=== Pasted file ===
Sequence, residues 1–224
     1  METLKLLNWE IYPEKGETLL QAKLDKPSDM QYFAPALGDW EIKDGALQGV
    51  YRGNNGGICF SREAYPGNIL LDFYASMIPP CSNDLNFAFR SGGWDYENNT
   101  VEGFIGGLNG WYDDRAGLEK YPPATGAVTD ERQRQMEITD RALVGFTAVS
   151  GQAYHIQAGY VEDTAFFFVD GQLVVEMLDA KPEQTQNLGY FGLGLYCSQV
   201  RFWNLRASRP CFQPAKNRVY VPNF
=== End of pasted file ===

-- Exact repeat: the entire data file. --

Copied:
Sequence, residues 1–224
     1  METLKLLNWE IYPEKGETLL QAKLDKPSDM QYFAPALGDW EIKDGALQGV
    51  YRGNNGGICF SREAYPGNIL LDFYASMIPP CSNDLNFAFR SGGWDYENNT
   101  VEGFIGGLNG WYDDRAGLEK YPPATGAVTD ERQRQMEITD RALVGFTAVS
   151  GQAYHIQAGY VEDTAFFFVD GQLVVEMLDA KPEQTQNLGY FGLGLYCSQV
   201  RFWNLRASRP CFQPAKNRVY VPNF